Let's remember that the entirety of the Yes side led by the Government have refused point blank to allow a conscience clause should this go through. Anyone who dissents from same-sex marriage because they believe in the family of man, woman and child based on marriage is to be treated as the moral equivalent of a racist bigot.
As I have previously written here, this is a campaign in which every part of Official Ireland has conspired with every other part of Official Ireland to break all the rules of fairness.
Thus, a blind eye was turned when members of An Garda Síochána in their uniforms turned up at Yes side voter registration drives.
Mary McAleese broke with the tradition of every past president by saying how she will vote today. Imagine if she had said she was voting No? There would have been an instant and thundering denunciation from the likes of 'The Irish Times'.
For all that, some unusual and unexpected people have come forward to say they are voting No. Life-long liberal campaigners and critics of the Church such as columnists Bruce Arnold and Kevin Myers and historian Professor John A Murphy have said they are voting No.
As of last Sunday, former editor of 'The Irish Times' Conor Brady wasn't sure how he would vote.
In fact, I think Brady summed up well where a lot of people are probably at today. He wants to be fair to gay people but he is also uneasy about the way the constitutional definition of the family is being changed and how the meaning of language will change.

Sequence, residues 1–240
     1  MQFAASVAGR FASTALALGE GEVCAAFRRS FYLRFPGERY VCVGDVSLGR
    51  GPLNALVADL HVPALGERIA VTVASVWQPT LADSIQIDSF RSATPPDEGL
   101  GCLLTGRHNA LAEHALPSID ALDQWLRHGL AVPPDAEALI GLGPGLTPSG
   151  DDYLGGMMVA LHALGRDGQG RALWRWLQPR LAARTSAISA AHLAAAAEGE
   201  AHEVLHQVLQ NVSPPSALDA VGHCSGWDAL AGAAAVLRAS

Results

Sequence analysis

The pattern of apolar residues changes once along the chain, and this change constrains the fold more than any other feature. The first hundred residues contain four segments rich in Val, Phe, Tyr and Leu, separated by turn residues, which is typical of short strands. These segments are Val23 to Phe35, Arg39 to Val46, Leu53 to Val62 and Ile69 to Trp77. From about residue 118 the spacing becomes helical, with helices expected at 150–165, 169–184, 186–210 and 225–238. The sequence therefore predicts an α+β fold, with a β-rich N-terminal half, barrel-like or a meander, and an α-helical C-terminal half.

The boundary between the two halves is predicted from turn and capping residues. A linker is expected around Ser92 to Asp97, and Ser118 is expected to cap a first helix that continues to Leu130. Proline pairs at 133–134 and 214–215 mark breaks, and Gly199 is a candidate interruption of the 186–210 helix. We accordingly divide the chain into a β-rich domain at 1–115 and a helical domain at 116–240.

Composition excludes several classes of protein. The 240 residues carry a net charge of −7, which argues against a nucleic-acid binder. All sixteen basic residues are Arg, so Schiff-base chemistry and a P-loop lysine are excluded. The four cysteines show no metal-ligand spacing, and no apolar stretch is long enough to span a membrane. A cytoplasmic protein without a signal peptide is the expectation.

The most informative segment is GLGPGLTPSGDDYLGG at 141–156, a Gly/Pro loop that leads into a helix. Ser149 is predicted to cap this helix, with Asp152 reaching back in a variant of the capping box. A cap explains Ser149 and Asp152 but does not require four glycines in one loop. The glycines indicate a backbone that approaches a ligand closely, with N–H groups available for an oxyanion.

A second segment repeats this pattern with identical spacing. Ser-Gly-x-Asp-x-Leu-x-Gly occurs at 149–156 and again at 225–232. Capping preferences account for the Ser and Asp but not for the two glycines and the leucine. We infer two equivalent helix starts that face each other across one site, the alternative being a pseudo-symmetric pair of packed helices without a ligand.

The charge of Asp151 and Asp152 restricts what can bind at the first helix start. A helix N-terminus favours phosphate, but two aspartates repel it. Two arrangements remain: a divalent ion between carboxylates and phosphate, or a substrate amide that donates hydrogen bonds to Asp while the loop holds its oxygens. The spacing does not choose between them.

For example, Article 41 of the Constitution, which is what we are being asked to change, is called 'The Family'. It describes the family as the "natural, primary and fundamental" unit of society. It says it is "indispensable to the welfare of the Nation and the State".
Currently in our Constitution the family is based on the marriage of a man and a woman. If we pass this referendum, we will be asked to believe that the union of two people of the same-sex is just as fundamental, primary and indispensable to society as the union of a man and a woman.
But society cannot continue without the unions of men and women. That is as plain as the nose on your face. Clearly these unions are fundamental to society in a way no other unions of whatever kind are.
If this referendum goes through, we will asked to believe that in all matters relating to the family, including the rearing of children, two men or two women are exactly the same as a man and a woman.
In other words, we are effectively being asked to believe that mothers are the same as fathers.
We are also being asked to believe that the biological ties don't matter. Obviously two men or two women raising a child cannot both be the biological parents of the one child. We will be giving our full constitutional blessing to cutting the tie to the other biological parent if we vote Yes today.
The Government could have done this in a better, fairer way. It could have found a way of enshrining the rights of gay couples in the Constitution without radically altering the rights of children or asking us to believe that mothers are the same as fathers and that the ties of biology don't matter.
We need to send the Government back to the drawing board and tell them to come up with a better way of doing justice both to gay people, to children, and ultimately to common sense as well.